One Year On, Still No Truth For Giulio

This week marks the terrible anniversary of the murder of a 28-year-old Cambridge University PhD student.

Giulio Regeni, an Italian national, had travelled to Egypt to conduct fieldwork into independent trade unions in Egypt. Unexpectedly, he disappeared, and tragically, nine days later his body was found dumped by the side of the road showing signs of torture.

The brutal nature of his death shocked the world and yet one year on we are still far from knowing the truth of what happened.



The months following Giulio’s death were filled with contradictory statements from the Egyptian authorities who have consistently fallen short of their obligations to fully investigate his murder.

The Government’s response has been very limited. In the Commons, the minister for the Middle East and North Africa, Tobias Ellwood MP simply said that the government has urged Egypt to co-operate fully with the investigations being carried out by Italian authorities and the FCO has maintained that the allegations that the Egyptian state is involved in the killing remains unfounded.

Giulio’s parents have led a vociferous campaign through the Italian media for answers and Amnesty International have kept up the pressure with their truth for Giulio campaign.

Finally this week we have seen some progress with the authorities in Cairo permitting Italian experts to retrieve and examine CCTV footage from the underground station where Giulio was last been seen alive.


Yet it is clear many questions still need to be answered and serious pressure applied, not least because this was an attack on a student.

This is not about a blame game. Academics have long travelled the globe carrying out research in dangerous locations. No amount of risk assessment can eliminate risk. But in a world where we have facts and ‘alternative facts’ and where experts are dismissed, there is now a need more than ever to defend the principle of academic freedom.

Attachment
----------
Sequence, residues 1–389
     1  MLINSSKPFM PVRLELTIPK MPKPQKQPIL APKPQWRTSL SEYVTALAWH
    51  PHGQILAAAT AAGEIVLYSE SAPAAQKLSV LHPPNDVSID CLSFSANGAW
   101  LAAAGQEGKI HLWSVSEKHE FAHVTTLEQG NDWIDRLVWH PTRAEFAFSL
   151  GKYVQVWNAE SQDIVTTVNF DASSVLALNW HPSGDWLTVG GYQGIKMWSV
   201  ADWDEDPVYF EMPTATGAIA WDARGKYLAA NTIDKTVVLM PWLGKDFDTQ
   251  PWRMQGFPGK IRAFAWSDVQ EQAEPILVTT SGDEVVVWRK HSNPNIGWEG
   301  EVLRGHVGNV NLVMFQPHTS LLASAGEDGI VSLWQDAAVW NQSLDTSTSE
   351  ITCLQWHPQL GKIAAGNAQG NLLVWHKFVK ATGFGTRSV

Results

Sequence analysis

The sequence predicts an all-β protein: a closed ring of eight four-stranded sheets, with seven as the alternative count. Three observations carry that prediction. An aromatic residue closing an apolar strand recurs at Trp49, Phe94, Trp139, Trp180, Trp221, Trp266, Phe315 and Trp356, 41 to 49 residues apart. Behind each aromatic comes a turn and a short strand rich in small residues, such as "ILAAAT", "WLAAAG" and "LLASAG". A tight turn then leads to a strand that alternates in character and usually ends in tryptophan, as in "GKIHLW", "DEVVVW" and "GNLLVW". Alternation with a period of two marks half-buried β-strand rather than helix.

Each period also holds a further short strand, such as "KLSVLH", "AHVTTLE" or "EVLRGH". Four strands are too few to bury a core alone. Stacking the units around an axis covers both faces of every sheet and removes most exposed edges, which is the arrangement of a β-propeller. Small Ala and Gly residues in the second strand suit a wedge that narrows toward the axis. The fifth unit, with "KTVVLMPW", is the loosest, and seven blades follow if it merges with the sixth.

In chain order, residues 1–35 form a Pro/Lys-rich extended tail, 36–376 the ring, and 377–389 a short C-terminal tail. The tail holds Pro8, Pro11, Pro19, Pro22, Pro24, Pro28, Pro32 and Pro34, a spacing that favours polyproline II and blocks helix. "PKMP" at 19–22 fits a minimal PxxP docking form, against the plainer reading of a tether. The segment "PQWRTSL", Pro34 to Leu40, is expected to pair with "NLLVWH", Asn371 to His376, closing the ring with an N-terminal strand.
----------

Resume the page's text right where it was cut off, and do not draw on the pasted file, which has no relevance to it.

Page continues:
Britain should lead by example. Universities need to retain their institutional autonomy, and the Higher Education and Research Bill should seek to enshrine this rather than threaten it. Universities should be the arena in which ideas are freely discussed in respectful, constructive ways, enabling the critical thought to be applied to society’s challenges. One of the most effective ways of dealing with and neutralising extremism is to undermine it through reasoned debate.

If free speech and open democracy is to one day flourish in places like Syria, Turkey and Iraq then their fleeing academics need sanctuary so that when the time comes they can return and help to rebuild civil society. An example for us, from one of our European partners is the German Academic Exchange Service which provides funding and support to academics who have fled their country, often because of the repression of academic freedom.


We should call out the scandal of challenges to freedom of thought in the West too, such as the “free speech zones” that many US campuses have. These designated zones imply that academic debate that takes place outside of these zones should be muted, controlled and restricted.

Last year the European Parliament noted declining academic freedom had been reported in some countries in the European Higher Education Area. I have therefore asked Federica Mogherini, the EU’s foreign affairs chief what more the EU can do to protect and promote academic freedom across Europe and around the world. Along with our other red lines on human rights, this must include a commitment to academic freedom when negotiating trade agreements.

On Wednesday I will be hosting an event in the European Parliament with my Italian MEP colleagues where we will again raise the case of Giulio Regeni. His friends and family deserve answers and we all need to restate the case for academic freedom.


This blog first appeared in the Huffington Post on 25th January 2017.

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